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Schoharie Supers Approve Farmland Protection Plan

Written By Editor on 1/20/17 | 1/20/17

Schoharie County took a step toward agricultural sustainability, according to a comprehensive overhaul of local farm planning adopted by the County Board on January 20th.

Nan Stolzenburg presented the draft Agricultural and Farmland Protection Plan which updates the prior edition from 2001. She said that there is $157.7 million in annual agricultural economic output per year. Over 1,100 county residents are employed in agriculture. There are currently 532 farms and 98,369 acres of farm land-- down 14,000 since 2002. Dairy is the largest share of the farms and Stolzenburg described the sector as the “most stressed.”

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The Agricultural and Farmland Protection Board considered several key aspects of the industry. These included allowing farms to be economically profitable and sustainable, increasing flexibility, improving farm infrastructure, including broadband, and attracting young farmers.

Stolzenburg said that agricultural processing can assist the wider economy. She said that this could increase agru-tourism. In addition, the presenter said that this plan would help preserve farmland and increase needed training for farmers.

The plan calls for a streamlining of local bureaucracy in order to allow a more efficient system. This includes an Agricultural Economic Development Implementation committee. Stolzenburg said that it was important for the committee to be active and “not just sit on a shelf.” This would also allow more individualized service for farmers and assist in the ability of the County to apply for grants. She said that NYS Ag and Markets may have money available but that the County in the past has not been prepared to apply for them. Stolzenburg specifically cited a grant for a small grains clearinghouse.

The proposal had several ideas to assist farmers specifically. This included a potential revolving loan fund and micro-loans for farmers. It would also establish a business incubator program and working with the IDA on ag projects. The draft also recommends the creation of a marketing plan. It would also strengthen bonds with SUNY Cobleskill and local FFA chapters, perhaps through mentoring.

Chair Earl VanWormer recognized the members of the farmland protection board present, including Chair Richard Bates. A series of farmers, county employees, organizations, SUNY Cobleskill.

The Chair also recognized County Administrator Steve Wilson, who said that if approved, the County would form an implementation team. He said that there was already a funding line in the budget that may be funded through grants.

Several Supervisors had questions. Supervisor Leo McAllister of Cobleskill said that he was concerned that the plan may open the door for farmers not being able to utilize their property for purposes other than farming. Stolzenburg said that was not the case. Supervisor Dave Simkins of Broome said that many new farmers are Amish and Mennonites. VanWormer said that the plan was a “living document” that would be adjusted as needed. Supervisor Bradt asked if the towns’ individual farming plans would work on their own. Stolzenburg said that four towns currently having ag plans and that the County plan was not meant to “override” any on the local level. “It’s not a land use-oriented plan at all,” she said.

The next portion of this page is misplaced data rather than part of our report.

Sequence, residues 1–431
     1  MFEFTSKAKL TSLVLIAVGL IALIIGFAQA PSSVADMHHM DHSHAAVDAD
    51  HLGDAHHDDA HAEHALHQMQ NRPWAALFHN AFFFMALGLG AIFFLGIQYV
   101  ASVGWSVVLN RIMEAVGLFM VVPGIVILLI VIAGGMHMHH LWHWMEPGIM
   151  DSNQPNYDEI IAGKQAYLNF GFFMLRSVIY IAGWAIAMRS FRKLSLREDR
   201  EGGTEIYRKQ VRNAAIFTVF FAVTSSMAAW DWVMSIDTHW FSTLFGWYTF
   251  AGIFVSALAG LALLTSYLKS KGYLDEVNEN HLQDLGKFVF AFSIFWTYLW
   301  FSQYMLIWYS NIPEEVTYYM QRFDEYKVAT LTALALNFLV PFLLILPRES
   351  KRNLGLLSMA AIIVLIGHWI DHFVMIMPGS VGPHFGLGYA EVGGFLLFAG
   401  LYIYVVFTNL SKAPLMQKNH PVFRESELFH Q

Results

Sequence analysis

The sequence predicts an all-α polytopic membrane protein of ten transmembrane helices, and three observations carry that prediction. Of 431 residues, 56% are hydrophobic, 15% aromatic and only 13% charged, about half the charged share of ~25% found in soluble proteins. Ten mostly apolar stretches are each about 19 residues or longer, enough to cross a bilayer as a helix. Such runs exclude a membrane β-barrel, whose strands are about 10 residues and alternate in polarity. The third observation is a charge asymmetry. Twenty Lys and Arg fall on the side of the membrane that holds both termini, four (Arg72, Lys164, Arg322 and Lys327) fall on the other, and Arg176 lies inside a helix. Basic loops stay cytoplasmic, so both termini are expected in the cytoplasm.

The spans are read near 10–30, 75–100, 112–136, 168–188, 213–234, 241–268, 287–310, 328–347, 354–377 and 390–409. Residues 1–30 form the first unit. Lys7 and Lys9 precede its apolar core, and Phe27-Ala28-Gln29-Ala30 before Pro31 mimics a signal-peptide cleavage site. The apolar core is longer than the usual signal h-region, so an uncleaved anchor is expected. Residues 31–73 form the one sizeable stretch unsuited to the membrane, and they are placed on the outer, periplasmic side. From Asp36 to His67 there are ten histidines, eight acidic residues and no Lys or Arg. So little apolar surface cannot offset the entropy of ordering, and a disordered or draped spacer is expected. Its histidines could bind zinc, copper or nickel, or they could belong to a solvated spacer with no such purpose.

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Former Real Property Director Marjorie Troidl made several comments. She said that the plan is support for communities, including not limiting communities. “It’s a base moving forward,” she said. She said that since retiring, she realized how difficult keeping a 135 farm is. “Where do we go for slaughtering?” She said that only several farms were able to use the college facility. She also said that it was hard to get products to the market. She recommended hiring one employee and working with Cornell Cooperative Extension. “It’s not a lost document,” she said. “It could turn into something very positive for our county.”

Chair VanWormer asked for comments. Ag and Farmland Protection Board Chair Richard Bates said that it is becoming harder and harder to make ends meet on his farm. He said that the proposal can foster local spirit of “working together.” David Cox from Cooperative Extension said that the Ag and Farmland Board has been hard at work to make the project work. “I urge you to adopt this and own it,” he said. Supervisor Pete Coppolo thanked the members for their work and asked if there was a way to work with legislators to advocate for farmers. Supervisor Tony VanGlad said that different agricultural organizations do advocate in Albany and could be helped by a coordinator. He said that the Farm Bureau has been tireless in working for farmers. “Marketing is the answer,” he said.

The Ag and Farmland Protection Board already approved the draft, leaving it to the Supervisors. The Board adopted the plan unanimously.

The draft plan was funded through a grant from the New York Department of Agriculture and Markets and the County.
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